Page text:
Melania Trump was not left out of the mix with this headline: "Melania Trump makes first public appearance in 25 days at White House event."  Joining CNN and MSNBC in bewilderment as to Mrs. Trump's need for recuperation after kidney surgery, I'm sure they were nowhere nearly as concerned with Hillary Clinton's falls, coughing, and absences from the presidential campaign trail.

The Herald also signed on with the conspiracy theories with this: "New Melania conspiracy theory: Did Donald Trump write her latest tweet?"  If I didn't know better, I'd think Don Lemon wrote for the N.Z. Herald between his CNN shows.

Then there was this about Melania and Donald: "Melania Trump refuses to hold her husband's hand."  And Trump's letter to Kim, calling off the summit, was picked apart by some grammar teacher, yet it had the desired effect of getting the summit back on track: "President Trump's letter to Kim Jong Un brutally mocked."  Grammar aside, Kim understood the letter quite clearly and within hours jumped to make it known that he was on board.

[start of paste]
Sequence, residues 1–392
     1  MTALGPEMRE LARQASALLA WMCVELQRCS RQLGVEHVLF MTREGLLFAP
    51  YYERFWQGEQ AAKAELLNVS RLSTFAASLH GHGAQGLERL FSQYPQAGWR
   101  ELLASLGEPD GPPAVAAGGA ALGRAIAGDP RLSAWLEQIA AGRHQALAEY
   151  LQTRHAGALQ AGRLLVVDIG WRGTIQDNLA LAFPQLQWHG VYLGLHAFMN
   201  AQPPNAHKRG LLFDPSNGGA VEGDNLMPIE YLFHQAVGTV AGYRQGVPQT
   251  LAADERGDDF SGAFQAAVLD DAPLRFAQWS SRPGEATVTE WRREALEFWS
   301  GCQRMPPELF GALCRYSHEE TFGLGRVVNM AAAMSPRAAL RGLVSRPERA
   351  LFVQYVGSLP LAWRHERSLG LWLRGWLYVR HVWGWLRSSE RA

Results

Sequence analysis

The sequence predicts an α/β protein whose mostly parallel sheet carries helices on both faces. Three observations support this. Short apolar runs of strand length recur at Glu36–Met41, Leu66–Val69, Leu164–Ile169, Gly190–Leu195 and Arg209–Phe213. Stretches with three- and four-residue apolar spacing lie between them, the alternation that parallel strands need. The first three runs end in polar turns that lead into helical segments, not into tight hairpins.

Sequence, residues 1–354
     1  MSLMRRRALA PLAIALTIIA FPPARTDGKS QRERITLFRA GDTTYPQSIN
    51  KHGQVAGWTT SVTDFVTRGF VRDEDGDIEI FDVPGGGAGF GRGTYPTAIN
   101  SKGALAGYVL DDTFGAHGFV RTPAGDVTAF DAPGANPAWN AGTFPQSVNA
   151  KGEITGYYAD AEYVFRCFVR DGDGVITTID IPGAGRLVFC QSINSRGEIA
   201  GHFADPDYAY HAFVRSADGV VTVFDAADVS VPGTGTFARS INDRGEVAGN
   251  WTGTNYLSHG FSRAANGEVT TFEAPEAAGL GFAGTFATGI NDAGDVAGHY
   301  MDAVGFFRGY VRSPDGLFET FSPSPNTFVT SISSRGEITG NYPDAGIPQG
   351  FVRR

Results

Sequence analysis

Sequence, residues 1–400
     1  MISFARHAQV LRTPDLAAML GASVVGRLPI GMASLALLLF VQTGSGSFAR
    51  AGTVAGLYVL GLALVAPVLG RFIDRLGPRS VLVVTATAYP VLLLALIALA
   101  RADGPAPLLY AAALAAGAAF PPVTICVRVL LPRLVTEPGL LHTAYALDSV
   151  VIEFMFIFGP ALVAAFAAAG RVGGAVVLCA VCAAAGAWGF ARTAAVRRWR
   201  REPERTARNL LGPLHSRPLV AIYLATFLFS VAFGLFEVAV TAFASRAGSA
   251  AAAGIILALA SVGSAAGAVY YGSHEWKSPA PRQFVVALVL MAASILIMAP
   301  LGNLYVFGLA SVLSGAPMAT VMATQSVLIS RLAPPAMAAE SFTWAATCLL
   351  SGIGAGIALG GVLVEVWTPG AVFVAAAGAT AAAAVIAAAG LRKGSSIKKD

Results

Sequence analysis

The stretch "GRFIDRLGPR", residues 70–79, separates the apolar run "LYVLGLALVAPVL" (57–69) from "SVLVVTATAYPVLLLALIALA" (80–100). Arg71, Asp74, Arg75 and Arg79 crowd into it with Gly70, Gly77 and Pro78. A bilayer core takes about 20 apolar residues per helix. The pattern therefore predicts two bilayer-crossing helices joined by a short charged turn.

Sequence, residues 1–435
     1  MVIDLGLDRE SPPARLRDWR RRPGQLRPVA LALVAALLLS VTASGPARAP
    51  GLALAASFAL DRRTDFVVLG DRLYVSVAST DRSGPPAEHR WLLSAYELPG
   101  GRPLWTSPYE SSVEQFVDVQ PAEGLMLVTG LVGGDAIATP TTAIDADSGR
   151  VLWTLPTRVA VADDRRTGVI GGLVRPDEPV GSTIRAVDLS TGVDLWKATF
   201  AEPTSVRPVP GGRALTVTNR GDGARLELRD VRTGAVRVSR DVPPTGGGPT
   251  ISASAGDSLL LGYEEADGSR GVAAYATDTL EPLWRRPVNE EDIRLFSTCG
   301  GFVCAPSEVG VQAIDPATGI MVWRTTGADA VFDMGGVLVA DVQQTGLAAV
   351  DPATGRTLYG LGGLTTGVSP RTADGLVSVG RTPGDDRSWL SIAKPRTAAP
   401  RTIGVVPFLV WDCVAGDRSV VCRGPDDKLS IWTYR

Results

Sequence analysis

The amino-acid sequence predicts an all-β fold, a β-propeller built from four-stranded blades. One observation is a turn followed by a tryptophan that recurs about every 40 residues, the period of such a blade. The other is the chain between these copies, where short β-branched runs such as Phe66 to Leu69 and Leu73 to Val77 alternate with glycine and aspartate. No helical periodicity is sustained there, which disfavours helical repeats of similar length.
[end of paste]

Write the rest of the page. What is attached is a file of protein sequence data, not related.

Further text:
Last among many recent headlines: "Can Trump's efforts at foreign breakthroughs erase damage at home?"  What damage is that?  Record low unemployment, an exploding economy, or sky-high consumer and business confidence?  The only damage I see is to Democrats and NeverTrumps losing their voices and minds, barking at the Moon.

How was Hillary Clinton covered on her recent visit to New Zealand?  Nary a negative word in this headline: "Jacinda Ardern and Hillary Clinton meet in Auckland."  The article then gushed, "It appears the pair have hit it off."